The perishables in the refrigerator are gone or spoiled and the canned food starts running low so you grab your wheel barrel and walk a few miles to local supermarket.  You arrive an hour later to find scores of your fellow citizens, nervous and forlorn staring at the looted remains.  There's nothing much left of value and as you're poking around inside you hear gunshots in the distance.  Who's shooting at who?  No way to tell, so you hightail it home to your thirsty frightened family and take stock of your remaining food and drink, only now beginning to appreciate the magnitude of the situation.

Think about the area you live in.  If you had no outside sources of food or water how well would you fair?  I'm sure there may be an outdoorsman in Arkansas that would make out OK, but he's not the norm for great majority of America.

You've heard of "Just in Time" inventory systems?  That's the world economy.  People growing crops, using machinery and electronics to water them, a vast network of sorting, storage and transportation equipment that move that ear of corn to your local market where it is casually examined and placed in your cart for purchase.  Everything of value that you consume or depend on likely has its own amazingly complex supply chain.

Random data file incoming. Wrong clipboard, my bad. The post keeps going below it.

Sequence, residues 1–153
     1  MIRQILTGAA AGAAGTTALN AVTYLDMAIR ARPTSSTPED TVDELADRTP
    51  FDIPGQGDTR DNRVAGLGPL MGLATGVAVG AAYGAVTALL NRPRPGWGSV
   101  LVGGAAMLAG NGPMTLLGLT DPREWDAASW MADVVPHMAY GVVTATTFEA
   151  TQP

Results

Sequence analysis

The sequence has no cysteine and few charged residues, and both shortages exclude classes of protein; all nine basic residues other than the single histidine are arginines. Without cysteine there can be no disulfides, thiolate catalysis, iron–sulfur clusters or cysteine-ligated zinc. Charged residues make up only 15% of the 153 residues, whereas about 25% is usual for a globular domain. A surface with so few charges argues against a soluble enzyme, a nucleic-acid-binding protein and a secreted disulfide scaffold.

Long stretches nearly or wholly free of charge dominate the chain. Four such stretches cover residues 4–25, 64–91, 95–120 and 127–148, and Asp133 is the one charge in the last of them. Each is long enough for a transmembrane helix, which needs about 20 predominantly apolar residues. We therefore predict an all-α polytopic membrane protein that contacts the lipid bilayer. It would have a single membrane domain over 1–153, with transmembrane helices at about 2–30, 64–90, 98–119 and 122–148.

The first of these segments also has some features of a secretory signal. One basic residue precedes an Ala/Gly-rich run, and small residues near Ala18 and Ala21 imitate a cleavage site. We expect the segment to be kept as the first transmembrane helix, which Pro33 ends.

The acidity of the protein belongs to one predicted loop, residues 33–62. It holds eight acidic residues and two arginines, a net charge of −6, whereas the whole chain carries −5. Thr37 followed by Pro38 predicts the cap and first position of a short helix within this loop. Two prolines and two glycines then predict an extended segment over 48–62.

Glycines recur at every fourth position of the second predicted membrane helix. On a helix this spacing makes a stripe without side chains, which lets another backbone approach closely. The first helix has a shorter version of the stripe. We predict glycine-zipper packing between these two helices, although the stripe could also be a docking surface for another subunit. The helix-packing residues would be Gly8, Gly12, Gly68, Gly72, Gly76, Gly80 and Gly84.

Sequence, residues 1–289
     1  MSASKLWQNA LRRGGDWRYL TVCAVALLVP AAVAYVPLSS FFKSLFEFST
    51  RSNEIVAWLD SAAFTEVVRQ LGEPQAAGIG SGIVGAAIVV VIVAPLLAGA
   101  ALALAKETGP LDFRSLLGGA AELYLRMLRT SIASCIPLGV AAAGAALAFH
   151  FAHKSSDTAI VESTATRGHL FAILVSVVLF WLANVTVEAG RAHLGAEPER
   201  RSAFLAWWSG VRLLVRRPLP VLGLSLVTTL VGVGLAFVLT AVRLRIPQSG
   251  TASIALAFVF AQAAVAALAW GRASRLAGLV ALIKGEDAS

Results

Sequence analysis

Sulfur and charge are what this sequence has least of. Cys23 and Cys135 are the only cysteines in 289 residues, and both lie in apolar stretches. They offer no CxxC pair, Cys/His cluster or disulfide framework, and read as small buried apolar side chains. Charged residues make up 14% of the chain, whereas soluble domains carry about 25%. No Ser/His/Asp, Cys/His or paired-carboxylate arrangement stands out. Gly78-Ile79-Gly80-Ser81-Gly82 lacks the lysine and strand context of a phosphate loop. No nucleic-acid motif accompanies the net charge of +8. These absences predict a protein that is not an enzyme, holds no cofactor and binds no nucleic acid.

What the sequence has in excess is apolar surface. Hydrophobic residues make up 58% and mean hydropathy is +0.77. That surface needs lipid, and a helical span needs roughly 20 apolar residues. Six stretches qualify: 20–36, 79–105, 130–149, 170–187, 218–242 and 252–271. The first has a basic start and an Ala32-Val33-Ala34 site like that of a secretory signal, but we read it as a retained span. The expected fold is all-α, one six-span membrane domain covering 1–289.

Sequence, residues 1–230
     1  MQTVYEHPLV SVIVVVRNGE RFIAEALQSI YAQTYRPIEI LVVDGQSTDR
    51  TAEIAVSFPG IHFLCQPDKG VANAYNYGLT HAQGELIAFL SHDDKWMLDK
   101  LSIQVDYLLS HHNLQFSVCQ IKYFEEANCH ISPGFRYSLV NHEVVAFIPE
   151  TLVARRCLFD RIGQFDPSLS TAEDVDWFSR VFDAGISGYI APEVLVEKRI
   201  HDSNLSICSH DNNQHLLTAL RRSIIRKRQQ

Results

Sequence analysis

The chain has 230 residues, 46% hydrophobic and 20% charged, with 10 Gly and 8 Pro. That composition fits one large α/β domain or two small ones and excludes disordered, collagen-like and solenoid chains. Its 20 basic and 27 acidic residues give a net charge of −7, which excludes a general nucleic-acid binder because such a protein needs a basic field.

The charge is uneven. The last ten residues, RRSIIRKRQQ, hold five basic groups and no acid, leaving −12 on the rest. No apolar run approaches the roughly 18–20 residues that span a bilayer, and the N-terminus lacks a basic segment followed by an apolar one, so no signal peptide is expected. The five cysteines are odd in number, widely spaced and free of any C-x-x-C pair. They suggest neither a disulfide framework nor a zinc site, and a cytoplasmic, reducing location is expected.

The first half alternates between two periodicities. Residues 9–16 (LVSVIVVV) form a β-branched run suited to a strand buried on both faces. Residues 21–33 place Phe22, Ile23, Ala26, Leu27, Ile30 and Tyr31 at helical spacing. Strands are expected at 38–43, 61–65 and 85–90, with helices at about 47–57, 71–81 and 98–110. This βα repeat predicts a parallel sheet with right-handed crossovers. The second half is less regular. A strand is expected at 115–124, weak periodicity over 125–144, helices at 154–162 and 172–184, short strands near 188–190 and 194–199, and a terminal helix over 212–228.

So what can we do other than add this to a list of 21st century existential worries?

There are several things - some short term, others ongoing.

  1. The US military should continue to harden it forces against the threat of EMP.  Some work has been done, but large segments of the military infrastructure could be crippled by a relatively small attack.
  2. The government should shift priorities in Homeland Security and begin to give this scenario a higher ranking for planning and corrective action. 
  3. Key utilities, medical assets, emergency responder bases, etc. must be identified and hardened against the possibility of an EMP attack.  New installations and/or equipment replacement in identified assets should be routinely EMP resistant.
  4. Non-proliferation of nuclear weapons - especially to rogue and/or terror sponsor states like Iran - must remain a primary foreign policy objective.
  5. Missile defense research and development must remain a primary foreign policy objective.
  6. Efforts - both military and diplomatic - to bring rogue states and non-state actors into the realm of the rule of law, where through reason or coercion, terrorist attacks are prevented, must remain a primary foreign policy objective.